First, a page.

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Chapter: Surgical Pathology Dissection : Breast

Breast Mastectomy : Surgical Pathology Dissection

True radical mastectomies are seldom performed anymore.


True radical mastectomies are seldom performed anymore. The procedure includes complete axillary dissection including removal of the modified radical mastectomy is more common. 

With this procedure the undersurface of the spec-imen is composed only of fascial planes with occasional shreds of pectoralis major muscles attached. The anterior surface usually contains an island of skin and nipple with the subcutaneous tissue extending beyond it. Nevertheless, com-plete axillary dissection typically is included within the specimen, forming an elongated tail at one end of the otherwise elliptical specimen. Most mastectomies are performed after a core needle biopsy has established a diagnosis of in-vasive carcinoma or after a lumpectomy has not been successful in completely removing an in situ and/or invasive carcinoma.

First, orient the specimen to localize the four quadrants of the breast correctly. This step should not be difficult if you use the axillary contents, the sidedness of the breast, and the surgeon’s description of the location of the tumor. Once the specimen has been oriented, place a safety pin in the corner of the upper outer quadrant. This practice helps you to reorient the specimen quickly in case you have to return to the speci-men. Weigh and measure the specimen; then de-scribe the skin, nipple, and any biopsy sites seen. The axillary tail can be removed now for later examination. Next, take the time to palpate the specimen. Localize the biopsy scar, the biopsy cavity, and any masses. Examine the deep surface of the specimen for attached fragments of skeletal muscle, and ink it so perpendicular sections can be obtained to evaluate the deep soft tissue margin. Also ink the exposed breast tissue lateral to the skin ellipse on the anterior surface of the specimen (preferably with ink of a different color). These constitute the anterior margins. Hence, all surfaces except for the skin and axillary tail should be inked.

The breast can then be placed skin surface down on a cutting board and sectioned. As illus-trated (Figure 25-5), use the nipple to center the specimen; then with two long perpendicular cuts section the breast into four quadrants. Each quad-rant can be further sectioned, each in its own direction. These cuts should not go all the way through the specimen but, instead, should leave the pieces attached together by a rim of unsec-tioned breast or skin. This procedure not only helps orient the specimen in a clinically relevant way, it helps remind you to document in which quadrant(s) the lesion lies The gross dictation should include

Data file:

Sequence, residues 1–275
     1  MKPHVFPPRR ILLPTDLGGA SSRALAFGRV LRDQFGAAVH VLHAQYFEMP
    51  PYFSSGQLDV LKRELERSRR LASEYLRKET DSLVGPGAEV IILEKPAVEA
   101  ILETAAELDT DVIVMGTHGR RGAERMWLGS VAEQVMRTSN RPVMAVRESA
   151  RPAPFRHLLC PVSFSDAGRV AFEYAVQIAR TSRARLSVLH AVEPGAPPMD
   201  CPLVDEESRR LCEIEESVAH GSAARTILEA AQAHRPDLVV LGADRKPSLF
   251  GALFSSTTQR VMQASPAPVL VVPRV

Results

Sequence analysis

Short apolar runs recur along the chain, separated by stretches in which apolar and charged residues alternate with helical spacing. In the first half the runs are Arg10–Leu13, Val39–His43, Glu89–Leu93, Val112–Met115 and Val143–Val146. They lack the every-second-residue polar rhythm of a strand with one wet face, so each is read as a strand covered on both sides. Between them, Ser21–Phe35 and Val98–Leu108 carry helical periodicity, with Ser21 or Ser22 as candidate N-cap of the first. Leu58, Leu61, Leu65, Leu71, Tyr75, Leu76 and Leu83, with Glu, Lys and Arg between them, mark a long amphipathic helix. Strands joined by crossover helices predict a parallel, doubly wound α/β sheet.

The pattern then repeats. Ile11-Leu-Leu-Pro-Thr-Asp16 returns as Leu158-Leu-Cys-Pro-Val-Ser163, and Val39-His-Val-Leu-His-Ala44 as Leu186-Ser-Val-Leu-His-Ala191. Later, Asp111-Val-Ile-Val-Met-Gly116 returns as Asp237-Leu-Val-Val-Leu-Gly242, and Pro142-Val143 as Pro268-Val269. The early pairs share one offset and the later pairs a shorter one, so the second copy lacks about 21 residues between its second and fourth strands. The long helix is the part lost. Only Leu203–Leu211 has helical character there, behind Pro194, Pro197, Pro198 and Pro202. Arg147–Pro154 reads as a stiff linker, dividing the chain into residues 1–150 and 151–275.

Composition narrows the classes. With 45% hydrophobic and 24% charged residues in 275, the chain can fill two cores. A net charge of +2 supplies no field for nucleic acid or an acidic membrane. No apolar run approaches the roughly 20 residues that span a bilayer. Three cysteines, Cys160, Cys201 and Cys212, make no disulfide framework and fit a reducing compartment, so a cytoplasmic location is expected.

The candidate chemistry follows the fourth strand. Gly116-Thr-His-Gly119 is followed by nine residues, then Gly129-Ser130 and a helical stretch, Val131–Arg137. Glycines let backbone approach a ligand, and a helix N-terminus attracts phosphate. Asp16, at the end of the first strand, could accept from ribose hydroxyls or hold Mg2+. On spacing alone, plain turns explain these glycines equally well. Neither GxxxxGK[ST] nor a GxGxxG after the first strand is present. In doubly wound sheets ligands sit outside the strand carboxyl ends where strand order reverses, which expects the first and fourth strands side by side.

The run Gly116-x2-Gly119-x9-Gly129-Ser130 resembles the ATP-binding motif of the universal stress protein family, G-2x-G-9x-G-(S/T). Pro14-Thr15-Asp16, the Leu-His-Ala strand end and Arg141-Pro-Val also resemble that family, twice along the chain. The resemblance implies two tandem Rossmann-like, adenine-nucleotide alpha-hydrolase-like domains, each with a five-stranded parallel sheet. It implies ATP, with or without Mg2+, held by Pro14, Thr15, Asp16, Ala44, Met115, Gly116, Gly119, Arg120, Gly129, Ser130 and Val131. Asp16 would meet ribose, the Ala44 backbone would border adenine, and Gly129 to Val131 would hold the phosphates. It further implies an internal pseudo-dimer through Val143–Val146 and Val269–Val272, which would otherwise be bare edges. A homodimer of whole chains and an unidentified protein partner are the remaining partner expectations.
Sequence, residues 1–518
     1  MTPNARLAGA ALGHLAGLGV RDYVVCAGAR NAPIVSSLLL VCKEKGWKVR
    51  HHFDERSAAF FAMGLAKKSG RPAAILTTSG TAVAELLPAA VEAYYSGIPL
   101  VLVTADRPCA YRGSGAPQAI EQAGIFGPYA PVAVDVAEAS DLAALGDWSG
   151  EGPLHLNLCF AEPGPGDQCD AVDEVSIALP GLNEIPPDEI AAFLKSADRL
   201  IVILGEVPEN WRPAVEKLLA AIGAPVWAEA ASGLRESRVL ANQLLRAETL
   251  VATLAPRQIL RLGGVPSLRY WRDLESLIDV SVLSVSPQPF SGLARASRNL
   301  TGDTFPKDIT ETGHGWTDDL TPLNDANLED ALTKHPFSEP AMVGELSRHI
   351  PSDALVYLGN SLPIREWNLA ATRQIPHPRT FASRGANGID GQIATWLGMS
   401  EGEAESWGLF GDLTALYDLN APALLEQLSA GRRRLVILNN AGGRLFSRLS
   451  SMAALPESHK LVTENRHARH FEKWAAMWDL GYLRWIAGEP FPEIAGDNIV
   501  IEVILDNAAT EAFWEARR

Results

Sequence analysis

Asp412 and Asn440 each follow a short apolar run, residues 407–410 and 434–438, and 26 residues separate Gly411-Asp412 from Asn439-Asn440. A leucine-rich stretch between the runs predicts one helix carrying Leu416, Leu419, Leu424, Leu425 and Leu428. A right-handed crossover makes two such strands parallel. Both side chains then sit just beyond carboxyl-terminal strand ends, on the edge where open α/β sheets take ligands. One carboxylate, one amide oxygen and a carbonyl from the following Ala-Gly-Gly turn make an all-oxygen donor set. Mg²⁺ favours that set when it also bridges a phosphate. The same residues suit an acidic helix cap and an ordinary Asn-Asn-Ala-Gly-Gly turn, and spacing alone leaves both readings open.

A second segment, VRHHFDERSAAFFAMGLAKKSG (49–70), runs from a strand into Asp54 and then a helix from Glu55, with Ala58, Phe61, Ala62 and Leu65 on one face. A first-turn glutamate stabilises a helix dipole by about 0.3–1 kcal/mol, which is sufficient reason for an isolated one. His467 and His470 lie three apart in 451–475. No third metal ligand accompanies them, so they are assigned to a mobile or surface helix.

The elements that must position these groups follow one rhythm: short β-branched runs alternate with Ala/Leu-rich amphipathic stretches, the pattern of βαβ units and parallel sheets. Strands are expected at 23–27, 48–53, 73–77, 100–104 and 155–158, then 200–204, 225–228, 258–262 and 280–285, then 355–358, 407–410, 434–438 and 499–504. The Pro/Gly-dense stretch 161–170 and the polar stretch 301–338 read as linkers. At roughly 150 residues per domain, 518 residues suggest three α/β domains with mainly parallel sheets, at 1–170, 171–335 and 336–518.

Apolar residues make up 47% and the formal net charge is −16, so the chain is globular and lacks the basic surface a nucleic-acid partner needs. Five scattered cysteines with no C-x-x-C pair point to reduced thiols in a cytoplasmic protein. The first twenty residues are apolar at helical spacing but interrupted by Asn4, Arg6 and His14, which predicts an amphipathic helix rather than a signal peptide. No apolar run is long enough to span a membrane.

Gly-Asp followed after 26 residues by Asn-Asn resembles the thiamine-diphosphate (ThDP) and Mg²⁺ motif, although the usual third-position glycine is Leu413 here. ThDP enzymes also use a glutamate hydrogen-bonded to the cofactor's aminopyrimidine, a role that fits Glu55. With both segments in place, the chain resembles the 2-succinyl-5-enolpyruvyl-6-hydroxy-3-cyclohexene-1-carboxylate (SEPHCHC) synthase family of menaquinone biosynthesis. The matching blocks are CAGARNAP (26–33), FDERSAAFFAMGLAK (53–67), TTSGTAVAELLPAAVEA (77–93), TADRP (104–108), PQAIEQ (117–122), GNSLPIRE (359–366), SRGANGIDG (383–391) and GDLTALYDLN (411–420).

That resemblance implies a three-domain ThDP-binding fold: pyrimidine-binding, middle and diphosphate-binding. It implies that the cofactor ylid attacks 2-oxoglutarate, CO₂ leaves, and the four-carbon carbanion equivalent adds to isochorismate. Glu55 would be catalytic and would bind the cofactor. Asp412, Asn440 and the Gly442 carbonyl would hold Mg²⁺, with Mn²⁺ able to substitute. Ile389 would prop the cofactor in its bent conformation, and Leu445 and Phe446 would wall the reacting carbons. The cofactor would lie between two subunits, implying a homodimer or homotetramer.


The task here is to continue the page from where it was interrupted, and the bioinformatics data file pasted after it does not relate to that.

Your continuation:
(1) the over-all dimensions and the weight of the specimen;

the overall dimensions of the skin surface;

(2)       the presence or absence of a biopsy scar and biopsy cavity and their relation to the nipple;

(3)       the presence of any retraction or ulceration of the nipple and/or surrounding skin; (5) the pres-ence or absence of muscle on the undersurface of the specimen; (6) the size and gross appearance ofthe tumor including the quadrant of the breast in which it is localized; and (7) the distance of thetumor to the deep and anterior margins. At least two and ideally five sections of the primary lesion should be submitted for histologic examination. Two sections can then be submitted from each of the remaining breast quadrants. If the mastec-tomy was performed as a prophylactic procedure in a patient with an in situ carcinoma, submit at least three sections from each quadrant; also submit any suspicious lesions in their entirety. Submit a section of the nipple and one of the skin in the area of the prior biopsy site.


Finally, dissect all lymph nodes from the axillary contents. If lymph nodes are separated into levels I, II, and III by their relationship to the pectoralis minor muscle (lateral, below, and medial to it, respectively), maintain this orienta-tion. When dealing with axillary lymph nodes in patients with carcinoma of the breast, it is particularly important to identify and evaluate each lymph node and to submit lymph nodes that are grossly negative for tumor in their entirety. Grossly positive nodes do not need to be submitted in their entirety. The size of the tumor in the grossly involved lymph node should be documented in your gross report.

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